Education

More midstate schools 'beating the odds' for student achievement

Central High School students gather under the oaks on campus as others board buses after school in 2012. The school is one of 18 in Bibb County that made the 2017 "Beating the Odds" list from the Governor's Office of Student Achievement.
Central High School students gather under the oaks on campus as others board buses after school in 2012. The school is one of 18 in Bibb County that made the 2017 "Beating the Odds" list from the Governor's Office of Student Achievement. wmarshall@macon.com

More midstate public schools are surpassing expectations for student progress.

The Governor's Office of Student Achievement released its "Beating the Odds" report Thursday, and many Middle Georgia districts had additional schools on this year's list.

The list details which schools in each district performed better than statistically anticipated on the College and Career Ready Performance Index, which is based on graduation rates, benchmark test scores and other data. Also considered are student characteristics such as race/ethnicity, enrollment, turnover rate, grade cluster and percentage of the population that's disabled, economically disadvantaged and English language learners.

The report shows how similar schools compare in performance, and about 40 percent of schools "beat the odds" each year, according to the student achievement office. This metric is another way to "identify areas of opportunity" for schools, and it can be used as a "second look" for schools that don't meet CCRPI targets, Houston Superintendent Mark Scott said.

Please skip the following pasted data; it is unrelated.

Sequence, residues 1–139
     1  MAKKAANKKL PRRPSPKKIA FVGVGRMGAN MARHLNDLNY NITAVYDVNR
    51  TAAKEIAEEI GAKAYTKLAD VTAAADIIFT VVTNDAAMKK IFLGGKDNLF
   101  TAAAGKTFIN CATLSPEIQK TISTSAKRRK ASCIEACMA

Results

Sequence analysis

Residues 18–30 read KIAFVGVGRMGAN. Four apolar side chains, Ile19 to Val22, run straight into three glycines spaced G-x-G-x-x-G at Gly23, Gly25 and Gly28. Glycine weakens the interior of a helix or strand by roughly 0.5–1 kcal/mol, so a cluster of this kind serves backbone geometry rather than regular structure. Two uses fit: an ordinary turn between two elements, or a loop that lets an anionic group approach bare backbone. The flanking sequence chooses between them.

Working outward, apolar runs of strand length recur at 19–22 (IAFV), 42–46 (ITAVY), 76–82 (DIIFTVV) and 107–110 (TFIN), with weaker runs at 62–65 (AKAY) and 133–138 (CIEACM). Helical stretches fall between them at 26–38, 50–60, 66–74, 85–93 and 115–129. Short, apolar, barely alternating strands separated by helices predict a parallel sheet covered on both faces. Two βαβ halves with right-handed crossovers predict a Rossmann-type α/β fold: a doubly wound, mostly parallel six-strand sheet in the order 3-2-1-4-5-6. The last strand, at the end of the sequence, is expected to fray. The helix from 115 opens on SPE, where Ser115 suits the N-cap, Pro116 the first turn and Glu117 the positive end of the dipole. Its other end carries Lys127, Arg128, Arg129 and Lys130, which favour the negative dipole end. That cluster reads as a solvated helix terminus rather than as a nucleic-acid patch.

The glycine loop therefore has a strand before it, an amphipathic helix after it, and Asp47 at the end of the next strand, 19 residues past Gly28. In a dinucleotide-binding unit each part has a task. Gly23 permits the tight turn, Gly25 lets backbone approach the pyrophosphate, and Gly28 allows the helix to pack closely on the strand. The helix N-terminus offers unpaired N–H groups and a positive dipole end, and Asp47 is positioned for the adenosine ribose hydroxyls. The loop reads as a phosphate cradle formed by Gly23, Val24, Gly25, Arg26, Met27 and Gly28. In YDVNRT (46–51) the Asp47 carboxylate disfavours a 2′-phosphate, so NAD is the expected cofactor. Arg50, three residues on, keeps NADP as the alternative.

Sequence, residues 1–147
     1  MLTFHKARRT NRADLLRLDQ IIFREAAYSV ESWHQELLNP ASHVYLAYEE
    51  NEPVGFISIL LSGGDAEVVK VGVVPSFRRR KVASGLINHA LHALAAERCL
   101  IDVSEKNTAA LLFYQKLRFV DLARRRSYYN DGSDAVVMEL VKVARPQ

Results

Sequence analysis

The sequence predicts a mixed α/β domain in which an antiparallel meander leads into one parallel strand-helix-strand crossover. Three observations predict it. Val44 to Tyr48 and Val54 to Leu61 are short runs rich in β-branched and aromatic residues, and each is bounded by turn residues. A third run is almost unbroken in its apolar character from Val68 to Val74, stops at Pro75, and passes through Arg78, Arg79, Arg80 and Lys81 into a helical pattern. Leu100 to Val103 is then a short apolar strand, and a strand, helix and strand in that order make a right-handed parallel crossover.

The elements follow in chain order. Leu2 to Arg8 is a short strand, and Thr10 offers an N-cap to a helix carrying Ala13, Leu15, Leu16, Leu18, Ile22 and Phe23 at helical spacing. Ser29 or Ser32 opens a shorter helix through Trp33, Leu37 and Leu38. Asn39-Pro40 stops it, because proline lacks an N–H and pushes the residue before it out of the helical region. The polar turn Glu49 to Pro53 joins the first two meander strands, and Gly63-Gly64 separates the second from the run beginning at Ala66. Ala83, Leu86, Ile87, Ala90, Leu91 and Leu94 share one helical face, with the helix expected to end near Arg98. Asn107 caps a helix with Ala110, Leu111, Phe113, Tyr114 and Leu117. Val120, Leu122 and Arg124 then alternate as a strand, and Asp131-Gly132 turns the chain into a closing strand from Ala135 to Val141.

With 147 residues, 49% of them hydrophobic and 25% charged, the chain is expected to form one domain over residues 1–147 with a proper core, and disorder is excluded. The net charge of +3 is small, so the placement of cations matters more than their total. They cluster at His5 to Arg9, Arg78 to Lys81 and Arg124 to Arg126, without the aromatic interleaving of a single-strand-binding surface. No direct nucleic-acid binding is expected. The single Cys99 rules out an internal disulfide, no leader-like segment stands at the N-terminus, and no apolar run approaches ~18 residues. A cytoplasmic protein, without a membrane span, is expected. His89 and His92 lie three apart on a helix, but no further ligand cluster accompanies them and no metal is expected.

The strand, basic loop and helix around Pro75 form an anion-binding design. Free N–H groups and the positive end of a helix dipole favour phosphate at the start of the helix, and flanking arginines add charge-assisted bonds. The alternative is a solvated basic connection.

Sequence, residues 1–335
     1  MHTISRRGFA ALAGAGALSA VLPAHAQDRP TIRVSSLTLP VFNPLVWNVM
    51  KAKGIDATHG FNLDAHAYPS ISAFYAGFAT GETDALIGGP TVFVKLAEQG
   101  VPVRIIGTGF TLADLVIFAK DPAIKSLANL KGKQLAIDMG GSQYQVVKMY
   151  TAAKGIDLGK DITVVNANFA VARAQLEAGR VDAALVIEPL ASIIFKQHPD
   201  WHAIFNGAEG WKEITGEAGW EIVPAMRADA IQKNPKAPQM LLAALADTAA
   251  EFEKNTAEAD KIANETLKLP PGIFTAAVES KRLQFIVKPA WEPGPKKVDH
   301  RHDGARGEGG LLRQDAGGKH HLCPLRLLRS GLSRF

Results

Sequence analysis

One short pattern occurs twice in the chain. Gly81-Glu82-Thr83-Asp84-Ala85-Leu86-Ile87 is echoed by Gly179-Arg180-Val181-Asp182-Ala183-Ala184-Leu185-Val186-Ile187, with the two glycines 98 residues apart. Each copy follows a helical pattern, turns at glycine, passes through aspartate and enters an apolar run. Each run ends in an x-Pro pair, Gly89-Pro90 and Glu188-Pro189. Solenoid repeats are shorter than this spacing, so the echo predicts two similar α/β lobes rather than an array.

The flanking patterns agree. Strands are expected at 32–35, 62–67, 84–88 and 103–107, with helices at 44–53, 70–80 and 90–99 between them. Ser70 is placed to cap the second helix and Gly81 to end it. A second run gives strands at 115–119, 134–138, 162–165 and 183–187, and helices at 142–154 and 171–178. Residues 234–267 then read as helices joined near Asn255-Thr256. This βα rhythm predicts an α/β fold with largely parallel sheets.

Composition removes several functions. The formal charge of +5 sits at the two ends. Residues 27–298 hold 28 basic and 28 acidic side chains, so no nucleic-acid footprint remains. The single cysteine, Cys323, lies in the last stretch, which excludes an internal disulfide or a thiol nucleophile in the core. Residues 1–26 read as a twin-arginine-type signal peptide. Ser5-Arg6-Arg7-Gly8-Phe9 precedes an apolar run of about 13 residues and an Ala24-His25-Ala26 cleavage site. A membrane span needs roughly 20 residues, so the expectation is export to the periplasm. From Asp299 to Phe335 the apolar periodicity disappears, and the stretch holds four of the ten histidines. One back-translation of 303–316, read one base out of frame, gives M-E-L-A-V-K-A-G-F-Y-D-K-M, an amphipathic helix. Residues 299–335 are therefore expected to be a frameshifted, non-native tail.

Eighteen of Bibb County's schools beat the odds in 2017, up from 15 in last year's report. All the district's high schools except Rutland are now on the list.

“I was very appreciative of the work that the high schools have done," Bibb school Superintendent Curtis Jones said. "The high school principals have worked hard to improve the processes. This helps validate the work that they’ve been doing over the last two years. I can see that students are attending school more, have less referrals to the office and are taking our benchmark tests more seriously.”

The data is in line with Bibb County's improved graduation rates, which was up 5 points to 77 percent this year. While it is good news, the district still has a long way to go, Jones said.

“I think we’re going to have to continue to stay focused on what’s important, still getting students in school, still focusing on the standards that students have to master, and getting timely and effective feedback," he said. "I think if we do those things well, we’ll continue to see improvements."

Houston County has 26 schools on the 2017 list, including all five of its traditional high schools. Twenty-one district schools made the 2016 report.

"This year’s data indicates that our schools are making great progress toward their school improvement goals," Scott said in an email. "As a result of the hard work of our teachers, students and administrators, we only had three schools that did not reach their CCRPI goals and did not meet the beating the odds targets. All of our schools are committed to continuous improvement in overall metrics and, more importantly, to meeting the needs of each student."

Monroe County increased from two schools in 2016 to all five of its traditional schools this year. Bleckley County Elementary, Middle and High schools were on the list again this year. Only Turner Woods and Gray elementary schools in Jones County made the list, down from four schools last year.

The 2017 report also included West Laurens Middle School in Laurens County; Dublin City's Hillcrest Elementary, Dublin High School and Dasher Elementary; Baldwin's Creekside Elementary and Baldwin County High; Twiggs County Middle and High; and Peach's Fort Valley Middle, Byron Middle and Peach County High.

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